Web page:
Best Yoga Poses For Anxiety Relief

Here are some of the best yoga poses that you can add to your daily routine to calm your mind and relax your body. These are especially helpful for when you are feeling anxious and worried.

Do your best to spend about 3-5 minutes doing each pose to get the maximum benefits. Remember that while doing yoga will help to alleviate some of your anxiety symptoms, it is not by any means a cure for anxiety. But by you enjoying these poses, you will be helping to nurture your mind and body.

  • Child’s Pose

During yoga, Child’s Pose is often used to rest. It is common for people to use Child’s Pose to relax and regroup between more challenging poses. It is very useful in releasing tension in the shoulders, back, and neck, which is where many people tend to hold their stress.

yoga childs pose image

Child’s Pose also helps promote relaxation through steady, conscious breathing, which ultimately helps to calm the nervous system.

When using Child’s Pose to help relieve anxiety, feel free to hold the pose for as long as you would like to. When you have finished, slowly move back to an upright position and make a note of how relaxed you are feeling.

  • Tree Pose

The Tree Pose is a fundamental pose when it comes to easing your anxiety. When you implement basic balances, you are promoting focus, awareness, and concentration. These all take your mind away from your anxiety and put the attention on yourself.

yoga tree pose image

The best thing about Tree Pose is that you can do it literally anywhere you can stand up. Standing in line at the grocery store, while eating lunch, or even waiting to cross the street. This makes it one of the best yoga poses for anxiety relief.

If you feel anxiety creeping in, simply go into Tree Pose.

  • Warrior III

Once you are comfortable balancing on one leg, the Warrior III pose will help you to lengthen, strengthen and challenge yourself. This pose will not only help to improve your core strength, coordination, posture, and balance; it also helps stimulate your abdominal area, which will improve your digestion. And this is imperative when it comes to fighting anxiety according to recent studies.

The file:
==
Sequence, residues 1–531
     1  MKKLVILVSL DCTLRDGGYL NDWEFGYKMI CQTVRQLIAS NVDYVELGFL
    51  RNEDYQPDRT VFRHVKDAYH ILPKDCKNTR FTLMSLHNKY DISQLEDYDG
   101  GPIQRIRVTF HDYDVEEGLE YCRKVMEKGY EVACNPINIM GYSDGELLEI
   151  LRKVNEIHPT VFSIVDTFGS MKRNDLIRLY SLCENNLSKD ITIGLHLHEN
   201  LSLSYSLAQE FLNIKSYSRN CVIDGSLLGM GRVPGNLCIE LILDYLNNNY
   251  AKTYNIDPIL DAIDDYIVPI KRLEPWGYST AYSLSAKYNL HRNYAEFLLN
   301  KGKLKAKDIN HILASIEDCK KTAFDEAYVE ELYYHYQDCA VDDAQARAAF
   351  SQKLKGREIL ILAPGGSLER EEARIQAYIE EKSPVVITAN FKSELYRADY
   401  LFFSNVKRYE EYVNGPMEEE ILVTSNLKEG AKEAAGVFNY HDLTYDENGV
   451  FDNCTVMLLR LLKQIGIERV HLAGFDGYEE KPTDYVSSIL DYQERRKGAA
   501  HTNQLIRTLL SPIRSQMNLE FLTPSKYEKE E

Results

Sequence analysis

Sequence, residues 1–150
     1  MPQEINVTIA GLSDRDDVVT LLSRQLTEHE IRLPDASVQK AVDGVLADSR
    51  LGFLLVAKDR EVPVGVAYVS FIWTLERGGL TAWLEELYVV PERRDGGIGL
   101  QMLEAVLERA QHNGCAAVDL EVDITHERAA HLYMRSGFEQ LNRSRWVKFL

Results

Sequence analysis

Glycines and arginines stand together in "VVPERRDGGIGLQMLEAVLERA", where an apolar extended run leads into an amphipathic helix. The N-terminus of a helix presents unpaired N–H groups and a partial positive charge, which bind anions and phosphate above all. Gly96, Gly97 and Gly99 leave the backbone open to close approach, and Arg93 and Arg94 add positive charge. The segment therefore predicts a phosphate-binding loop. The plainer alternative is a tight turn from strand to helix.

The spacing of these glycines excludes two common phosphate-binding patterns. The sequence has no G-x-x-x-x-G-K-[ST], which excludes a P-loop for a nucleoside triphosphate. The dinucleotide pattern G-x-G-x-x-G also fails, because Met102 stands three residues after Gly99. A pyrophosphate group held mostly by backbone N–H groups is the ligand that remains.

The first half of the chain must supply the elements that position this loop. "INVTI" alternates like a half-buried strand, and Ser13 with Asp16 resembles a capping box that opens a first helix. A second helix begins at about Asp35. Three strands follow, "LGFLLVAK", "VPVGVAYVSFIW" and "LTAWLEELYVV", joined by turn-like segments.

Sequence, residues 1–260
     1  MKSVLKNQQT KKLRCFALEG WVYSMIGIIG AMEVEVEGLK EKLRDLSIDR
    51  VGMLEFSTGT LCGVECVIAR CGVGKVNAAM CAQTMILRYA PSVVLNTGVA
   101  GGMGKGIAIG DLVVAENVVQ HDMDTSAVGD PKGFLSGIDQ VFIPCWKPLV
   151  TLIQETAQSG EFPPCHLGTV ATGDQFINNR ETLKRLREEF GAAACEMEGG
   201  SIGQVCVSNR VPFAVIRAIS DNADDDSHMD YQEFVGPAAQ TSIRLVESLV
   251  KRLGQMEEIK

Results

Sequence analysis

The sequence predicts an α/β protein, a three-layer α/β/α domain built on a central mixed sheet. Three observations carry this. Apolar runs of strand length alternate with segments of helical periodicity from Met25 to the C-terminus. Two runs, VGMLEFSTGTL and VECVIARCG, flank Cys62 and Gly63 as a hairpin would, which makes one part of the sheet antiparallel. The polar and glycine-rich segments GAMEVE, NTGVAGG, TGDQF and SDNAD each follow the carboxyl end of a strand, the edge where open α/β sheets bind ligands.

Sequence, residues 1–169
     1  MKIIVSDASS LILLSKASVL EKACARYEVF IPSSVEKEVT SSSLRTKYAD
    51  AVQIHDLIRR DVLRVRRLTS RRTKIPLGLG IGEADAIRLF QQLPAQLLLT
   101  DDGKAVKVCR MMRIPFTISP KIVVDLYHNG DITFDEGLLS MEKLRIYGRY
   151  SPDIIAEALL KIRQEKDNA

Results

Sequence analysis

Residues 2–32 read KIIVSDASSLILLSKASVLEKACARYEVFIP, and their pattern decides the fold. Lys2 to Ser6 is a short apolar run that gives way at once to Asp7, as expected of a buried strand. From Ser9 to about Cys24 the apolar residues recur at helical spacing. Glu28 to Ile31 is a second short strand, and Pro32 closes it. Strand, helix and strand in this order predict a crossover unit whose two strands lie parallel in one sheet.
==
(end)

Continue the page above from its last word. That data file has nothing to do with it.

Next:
yoga warrior III pose image

Plus, since Warrior III is a more challenging pose, it will shift your mindset to focusing on your pose, which takes it away from your anxiety.

  • Legs Up The Wall Pose

Legs Up The Wall Pose is excellent when it comes to relieving lower back tightness and pain, as well as the symptoms of anxiety. Plus it helps relieve menstrual cramping, arthritis discomfort, lowers high blood pressure and reduces insomnia.

yoga legs up the wall pose image

When it comes to anxiety, depending on the severity, it can just plain ruin your day. By implementing anxiety relief techniques like the yoga moves listed above, you will be able to keep yourself calm and your anxiety at bay.

What makes yoga for anxiety relief even better is that you can do it anywhere. It does not take much space to do any of the yoga moves that will help you relieve your anxiety.

Just try to spend a few minutes doing each pose, and you will feel yourself start to feel a lot calmer, more relaxed, and more like yourself.

This article is originally published on SundayScaries.

Hugs,

Shaline

How to Find an Essential Oil Company You Can Trust

Aromatherapy has taken the wellness world by storm, and for good reason. From moisturizing your cuticles to positive breathing experience, essential oils have several awesome benefits.

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Finding a Reputable Essential Oil Company

 

Like any popular product on the market, not all essential oils are created equal. You wouldn’t go to a restaurant without consulting Yelp or getting your haircut  without asking for references, right? You should approach wellness companies with the same caution.

Finding reputable companies can be difficult, though. That’s why I’ve compiled a list of traits to help you choose a company that’s making oils you can trust.

 

essential oil sample bottles

 

The Essential Oils Company Checklist

 

1. They’re Transparent About Where Their Oils Come From

Because essential oils can be easily contaminated, brand transparency is everything. A company should be able to tell you how they harvest and extract their ingredients and where each oil is sourced. They should also be able to tell you the Latin name of each oil so you know exactly what plant the oil came from.

For example, there are many different species of lavender. If you don’t know the specific kind being used in your oil, you may not be getting the experience you’re actually looking for.

 

2. Their Products Are Pure and Backed by Science

So, how are essential oils regulated to ensure they’re pure? Unfortunately, the honest answer is that there is no official or standardized regulatory agency for testing the purity of essential oils. But, it helps if a company has put together a detailed, comprehensive quality and safety process to ensure their oils haven’t been contaminated or altered in any way. A company willing to use third-party testing is even better!

I’ve research several essential oil companies over the years i.e. doTERRA, Young Living, Mountain Rose Herbs, Living Libations, Taspens Organics, and Melaleuca. Recently, I’ve been checking out Isagenix’s new line of essential oils.

lavendar

 

3. Their Prices Aren’t Extreme

It can take a lot of plant matter to create one small bottle of essential oil, which is why some oils are more expensive than others. The price primarily depends on how readily available each plant is.